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What local coaches are saying about the expanded designated hitter rule in high school baseball

The National Federation of State High School Associations passed a new rule into effect over the summer, giving high school baseball coaches a few more options for how they’ll call the game.

Rule 3-1-4 will amplify the designated hitter role, expanding the different scenarios in which a DH can be used. There are two such scenarios for when a designated hitter can be utilized.

First, a DH can be what is essentially a 10th starter, hitting for any of the players in the defensive starting nine – the traditional designated hitter. The added part of the rule allows the starting designated hitter to also be one of the nine players starting in the field defensively.

“It adds so much flexibility,” Lafayette head coach John Walker said. “You have a guy pitching who might throw several innings. Under the old rules, to keep that bat in the lineup you’d have to put that tired pitcher at another defensive position. With that new rule you won’t lose that bat in the lineup.”

Walker presents the obvious scenario the new rule can be used. Under old rules, when your starting pitcher came out of the game, he could no longer hit. Sometimes that led teams to moving that player to a different defensive position just to keep the bat in the lineup. Now that isn’t necessary.

In this sense, the rule has been in effect in college baseball for a while. It’s not used regularly, but a college starting pitcher can also be the team’s DH, leaving him in the batting lineup when he’s pulled. Under the new high school rules, that is an option, but one can also make any defensive player the designated hitter.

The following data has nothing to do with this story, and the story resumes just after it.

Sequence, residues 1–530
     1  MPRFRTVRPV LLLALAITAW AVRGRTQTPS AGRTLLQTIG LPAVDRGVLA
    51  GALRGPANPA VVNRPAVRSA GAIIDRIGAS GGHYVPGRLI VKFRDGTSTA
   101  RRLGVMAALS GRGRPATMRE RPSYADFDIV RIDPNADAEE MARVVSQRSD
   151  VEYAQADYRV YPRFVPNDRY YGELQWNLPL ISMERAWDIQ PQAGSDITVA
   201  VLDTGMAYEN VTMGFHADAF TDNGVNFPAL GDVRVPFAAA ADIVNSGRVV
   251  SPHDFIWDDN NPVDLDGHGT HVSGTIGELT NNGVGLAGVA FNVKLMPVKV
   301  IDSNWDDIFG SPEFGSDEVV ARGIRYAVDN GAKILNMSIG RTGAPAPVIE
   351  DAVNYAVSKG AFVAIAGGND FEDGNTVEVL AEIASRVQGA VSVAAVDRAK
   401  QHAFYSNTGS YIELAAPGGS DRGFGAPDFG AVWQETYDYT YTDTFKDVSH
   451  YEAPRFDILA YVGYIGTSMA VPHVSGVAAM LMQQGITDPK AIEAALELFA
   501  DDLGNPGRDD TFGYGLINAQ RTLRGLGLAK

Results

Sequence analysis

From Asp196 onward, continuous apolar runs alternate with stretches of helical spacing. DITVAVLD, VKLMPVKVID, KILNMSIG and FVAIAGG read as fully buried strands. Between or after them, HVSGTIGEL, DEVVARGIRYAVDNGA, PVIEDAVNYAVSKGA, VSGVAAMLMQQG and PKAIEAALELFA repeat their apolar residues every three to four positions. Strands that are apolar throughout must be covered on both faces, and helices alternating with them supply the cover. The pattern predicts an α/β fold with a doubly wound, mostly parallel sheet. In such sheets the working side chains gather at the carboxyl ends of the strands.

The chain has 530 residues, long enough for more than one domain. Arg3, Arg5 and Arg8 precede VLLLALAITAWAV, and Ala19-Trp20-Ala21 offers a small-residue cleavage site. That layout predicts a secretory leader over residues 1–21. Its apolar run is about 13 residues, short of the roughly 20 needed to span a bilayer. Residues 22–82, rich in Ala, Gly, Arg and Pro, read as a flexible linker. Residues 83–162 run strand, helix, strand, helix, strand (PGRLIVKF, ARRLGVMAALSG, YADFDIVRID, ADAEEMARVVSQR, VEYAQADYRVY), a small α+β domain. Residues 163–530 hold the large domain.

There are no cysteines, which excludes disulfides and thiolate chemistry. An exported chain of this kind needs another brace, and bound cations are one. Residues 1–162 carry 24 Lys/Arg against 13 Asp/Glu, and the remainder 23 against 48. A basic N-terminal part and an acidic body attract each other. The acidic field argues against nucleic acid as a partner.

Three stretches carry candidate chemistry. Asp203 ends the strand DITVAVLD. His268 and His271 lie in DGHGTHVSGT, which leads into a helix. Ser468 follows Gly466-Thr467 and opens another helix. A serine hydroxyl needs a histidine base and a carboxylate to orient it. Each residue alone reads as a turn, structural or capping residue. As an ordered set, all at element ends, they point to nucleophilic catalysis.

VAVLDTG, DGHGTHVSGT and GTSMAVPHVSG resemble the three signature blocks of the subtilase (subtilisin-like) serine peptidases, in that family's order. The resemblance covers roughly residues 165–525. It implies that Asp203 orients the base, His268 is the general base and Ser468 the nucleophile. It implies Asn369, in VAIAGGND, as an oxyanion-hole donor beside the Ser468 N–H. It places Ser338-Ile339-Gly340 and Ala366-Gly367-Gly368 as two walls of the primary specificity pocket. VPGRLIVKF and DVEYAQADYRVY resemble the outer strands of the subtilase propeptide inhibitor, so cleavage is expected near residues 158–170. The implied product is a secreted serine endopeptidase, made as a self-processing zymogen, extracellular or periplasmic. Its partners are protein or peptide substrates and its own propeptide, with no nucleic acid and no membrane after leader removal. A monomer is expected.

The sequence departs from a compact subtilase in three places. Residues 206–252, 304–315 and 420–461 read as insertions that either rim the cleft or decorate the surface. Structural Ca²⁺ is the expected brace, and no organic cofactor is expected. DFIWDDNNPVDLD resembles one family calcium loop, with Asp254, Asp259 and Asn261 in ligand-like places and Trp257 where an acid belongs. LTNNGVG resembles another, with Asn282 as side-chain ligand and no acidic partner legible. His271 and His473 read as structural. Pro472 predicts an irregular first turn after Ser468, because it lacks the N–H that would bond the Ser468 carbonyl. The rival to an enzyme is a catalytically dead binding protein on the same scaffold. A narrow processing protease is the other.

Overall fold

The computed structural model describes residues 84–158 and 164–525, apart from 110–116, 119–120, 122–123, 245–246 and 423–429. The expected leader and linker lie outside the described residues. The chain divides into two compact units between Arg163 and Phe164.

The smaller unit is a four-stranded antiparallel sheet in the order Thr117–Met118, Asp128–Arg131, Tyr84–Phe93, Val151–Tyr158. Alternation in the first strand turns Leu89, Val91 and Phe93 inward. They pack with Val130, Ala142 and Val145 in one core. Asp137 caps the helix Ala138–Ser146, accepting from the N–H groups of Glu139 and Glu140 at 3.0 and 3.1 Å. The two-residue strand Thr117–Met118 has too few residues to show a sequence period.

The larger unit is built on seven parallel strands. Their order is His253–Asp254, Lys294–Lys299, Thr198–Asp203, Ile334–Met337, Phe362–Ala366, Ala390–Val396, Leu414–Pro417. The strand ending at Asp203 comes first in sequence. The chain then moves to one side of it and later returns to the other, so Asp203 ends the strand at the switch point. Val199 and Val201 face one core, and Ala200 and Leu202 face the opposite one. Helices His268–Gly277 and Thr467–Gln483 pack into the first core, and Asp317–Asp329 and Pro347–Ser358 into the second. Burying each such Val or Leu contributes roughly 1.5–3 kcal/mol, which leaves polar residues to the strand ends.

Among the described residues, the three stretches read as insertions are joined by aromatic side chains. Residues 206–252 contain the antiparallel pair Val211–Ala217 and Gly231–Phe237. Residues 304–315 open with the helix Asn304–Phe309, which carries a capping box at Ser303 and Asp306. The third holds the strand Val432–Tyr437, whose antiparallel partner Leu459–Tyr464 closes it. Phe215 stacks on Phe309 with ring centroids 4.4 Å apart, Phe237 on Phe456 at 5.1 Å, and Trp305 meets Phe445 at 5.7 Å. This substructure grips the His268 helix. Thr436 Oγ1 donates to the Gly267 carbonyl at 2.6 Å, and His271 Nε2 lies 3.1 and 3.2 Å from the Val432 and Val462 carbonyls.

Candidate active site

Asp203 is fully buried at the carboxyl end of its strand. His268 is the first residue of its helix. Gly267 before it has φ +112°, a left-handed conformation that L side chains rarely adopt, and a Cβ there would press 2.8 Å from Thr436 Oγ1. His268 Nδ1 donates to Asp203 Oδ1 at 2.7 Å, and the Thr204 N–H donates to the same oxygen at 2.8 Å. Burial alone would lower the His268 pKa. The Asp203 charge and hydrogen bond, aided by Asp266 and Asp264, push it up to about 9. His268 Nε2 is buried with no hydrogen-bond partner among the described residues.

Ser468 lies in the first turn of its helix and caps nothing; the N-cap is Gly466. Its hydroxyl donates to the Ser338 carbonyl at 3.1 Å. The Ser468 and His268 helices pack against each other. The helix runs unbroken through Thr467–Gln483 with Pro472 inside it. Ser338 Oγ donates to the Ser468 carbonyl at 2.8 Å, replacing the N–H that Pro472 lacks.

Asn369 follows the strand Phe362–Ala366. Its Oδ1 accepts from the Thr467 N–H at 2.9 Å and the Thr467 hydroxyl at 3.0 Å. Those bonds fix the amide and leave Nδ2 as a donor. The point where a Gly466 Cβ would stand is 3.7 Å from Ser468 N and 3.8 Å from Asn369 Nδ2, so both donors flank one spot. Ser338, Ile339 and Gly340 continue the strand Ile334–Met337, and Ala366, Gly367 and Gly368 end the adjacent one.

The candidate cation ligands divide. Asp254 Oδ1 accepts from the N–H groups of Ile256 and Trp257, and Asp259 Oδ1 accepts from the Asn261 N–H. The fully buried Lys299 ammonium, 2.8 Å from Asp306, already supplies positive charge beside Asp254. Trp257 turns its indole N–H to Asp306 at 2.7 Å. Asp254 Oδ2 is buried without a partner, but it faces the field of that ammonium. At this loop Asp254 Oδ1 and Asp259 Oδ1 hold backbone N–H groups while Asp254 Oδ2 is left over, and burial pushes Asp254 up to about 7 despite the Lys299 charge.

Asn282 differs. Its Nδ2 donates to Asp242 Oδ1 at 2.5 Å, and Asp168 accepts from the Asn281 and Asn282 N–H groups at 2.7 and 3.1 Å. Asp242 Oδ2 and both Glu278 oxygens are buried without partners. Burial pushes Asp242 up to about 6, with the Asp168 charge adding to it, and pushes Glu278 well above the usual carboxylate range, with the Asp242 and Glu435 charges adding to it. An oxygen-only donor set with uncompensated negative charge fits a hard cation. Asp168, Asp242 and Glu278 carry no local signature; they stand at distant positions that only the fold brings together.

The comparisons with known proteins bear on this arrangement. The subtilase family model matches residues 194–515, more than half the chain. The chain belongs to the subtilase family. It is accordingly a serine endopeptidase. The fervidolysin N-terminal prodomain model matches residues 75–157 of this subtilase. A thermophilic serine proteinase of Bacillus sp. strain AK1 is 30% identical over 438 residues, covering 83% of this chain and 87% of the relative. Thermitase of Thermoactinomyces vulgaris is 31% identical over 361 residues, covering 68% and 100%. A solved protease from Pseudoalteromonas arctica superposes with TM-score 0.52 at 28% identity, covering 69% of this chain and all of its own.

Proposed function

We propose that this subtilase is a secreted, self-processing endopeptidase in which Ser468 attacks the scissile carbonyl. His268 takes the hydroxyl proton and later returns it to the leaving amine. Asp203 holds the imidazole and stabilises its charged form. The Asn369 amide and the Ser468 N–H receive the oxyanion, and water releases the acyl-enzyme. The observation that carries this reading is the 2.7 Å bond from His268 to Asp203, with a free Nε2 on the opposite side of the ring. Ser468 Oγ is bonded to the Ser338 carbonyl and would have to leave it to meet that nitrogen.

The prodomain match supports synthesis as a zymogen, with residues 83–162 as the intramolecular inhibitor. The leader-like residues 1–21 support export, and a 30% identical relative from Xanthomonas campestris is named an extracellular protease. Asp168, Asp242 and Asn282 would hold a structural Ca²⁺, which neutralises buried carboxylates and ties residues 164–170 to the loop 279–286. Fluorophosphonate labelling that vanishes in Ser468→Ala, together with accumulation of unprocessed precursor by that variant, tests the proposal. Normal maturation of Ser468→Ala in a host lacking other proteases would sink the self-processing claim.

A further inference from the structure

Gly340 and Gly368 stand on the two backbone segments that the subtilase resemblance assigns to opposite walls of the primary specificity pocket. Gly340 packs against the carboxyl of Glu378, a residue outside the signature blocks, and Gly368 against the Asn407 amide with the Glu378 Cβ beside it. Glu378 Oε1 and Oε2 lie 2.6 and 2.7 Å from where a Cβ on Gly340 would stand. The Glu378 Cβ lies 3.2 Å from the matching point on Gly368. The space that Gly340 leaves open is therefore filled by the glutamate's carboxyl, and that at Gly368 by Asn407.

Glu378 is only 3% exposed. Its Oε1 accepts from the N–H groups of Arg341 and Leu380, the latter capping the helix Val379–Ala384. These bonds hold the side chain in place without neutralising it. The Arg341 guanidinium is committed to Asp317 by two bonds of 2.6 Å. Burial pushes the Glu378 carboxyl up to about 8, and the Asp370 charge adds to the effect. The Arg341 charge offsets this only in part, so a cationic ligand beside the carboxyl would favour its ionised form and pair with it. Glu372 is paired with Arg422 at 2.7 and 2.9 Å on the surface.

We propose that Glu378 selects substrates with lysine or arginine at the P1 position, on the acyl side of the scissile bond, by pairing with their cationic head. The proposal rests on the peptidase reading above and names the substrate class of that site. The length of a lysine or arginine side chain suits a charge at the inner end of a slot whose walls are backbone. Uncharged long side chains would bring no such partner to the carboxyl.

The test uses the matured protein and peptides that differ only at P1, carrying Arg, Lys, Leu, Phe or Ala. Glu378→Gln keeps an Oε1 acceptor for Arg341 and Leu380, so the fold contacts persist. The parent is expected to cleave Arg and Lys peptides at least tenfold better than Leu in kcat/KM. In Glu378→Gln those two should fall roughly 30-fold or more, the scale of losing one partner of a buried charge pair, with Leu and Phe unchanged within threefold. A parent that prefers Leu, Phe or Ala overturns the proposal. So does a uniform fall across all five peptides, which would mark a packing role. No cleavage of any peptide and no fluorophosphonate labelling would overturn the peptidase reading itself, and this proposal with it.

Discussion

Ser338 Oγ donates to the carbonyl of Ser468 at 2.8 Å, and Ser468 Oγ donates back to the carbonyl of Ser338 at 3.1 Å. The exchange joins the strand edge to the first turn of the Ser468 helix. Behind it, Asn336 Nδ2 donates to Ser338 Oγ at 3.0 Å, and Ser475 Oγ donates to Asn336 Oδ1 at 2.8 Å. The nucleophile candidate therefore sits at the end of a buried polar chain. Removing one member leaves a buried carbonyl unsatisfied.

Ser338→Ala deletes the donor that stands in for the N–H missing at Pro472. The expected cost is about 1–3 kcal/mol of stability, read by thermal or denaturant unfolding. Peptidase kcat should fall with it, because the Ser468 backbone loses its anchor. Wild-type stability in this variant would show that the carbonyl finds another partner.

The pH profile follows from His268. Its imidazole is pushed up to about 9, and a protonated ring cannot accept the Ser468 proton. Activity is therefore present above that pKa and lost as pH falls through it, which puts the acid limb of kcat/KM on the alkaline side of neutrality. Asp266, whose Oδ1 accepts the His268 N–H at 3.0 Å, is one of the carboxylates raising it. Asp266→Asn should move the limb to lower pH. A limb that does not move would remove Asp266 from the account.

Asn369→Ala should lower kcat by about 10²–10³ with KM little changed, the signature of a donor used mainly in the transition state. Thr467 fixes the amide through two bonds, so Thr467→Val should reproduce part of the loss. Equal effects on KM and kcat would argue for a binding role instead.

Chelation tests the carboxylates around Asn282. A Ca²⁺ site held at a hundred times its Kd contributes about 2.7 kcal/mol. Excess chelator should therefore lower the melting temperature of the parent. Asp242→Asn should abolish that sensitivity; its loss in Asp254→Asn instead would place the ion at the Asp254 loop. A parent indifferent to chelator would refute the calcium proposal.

Some confusion over this new rule is expected. Not all the coaches have it completely figured out yet. There’s a clinic next week, and among the topics will certainly be hashing out the rules.

“I’ll have questions as far as how it’ll work with some of the re-entry,” Oxford head coach Chris Baughman said. “I think you’ll be able to get really creative with it. But there’s going to be some situations that come up with re-entry rules where, what happens if I pinch hit for a pitcher that was also the DH? There’s some questions that we’ll have to work out for sure.”

One interesting, late game situation where the new rules can be used, is to get better defensive players in the field without sacrificing offense. A team could bring in an improved defensive player to help secure a lead. That certainly helps with one thing high school coaches like to do a lot – get more players in the game. But it’s also easy to see how it could be used to keep the lineups limited. From that sense, it could go either way.

“I don’t think it changes a whole lot really. It just allows you one more option,” Walker said. “Maybe there will be a situation where you want to put someone who’s better defensively in late in the game but you don’t want to lose the offense so that other kid can still hit. That’s the only real difference is flexibility. Honestly, it might be something we won’t even use, but we have the option to.”

That was the clear, common ground. Both Baughman and Walker emphasized that they liked the changes, but aren’t sure how much their teams will actually take advantage of it. Time will tell how much teams actually utilize the new rule change.

Ultimately, as with any new addition, coaches are just going to have to tinker with it and try new things.

“I’m definitely really interested to see the evolution of how people will use it in a regular game, and then a blowout game. In blowout games you want to get as many people in as you can I think I’ll know how it will work, but I’m still not sure how we’ll work with it to get the most kids we can in,” Baughman said. “I just don’t see it adding that much. But maybe I’m wrong. Maybe it will and I just need to play with it and figure it out.”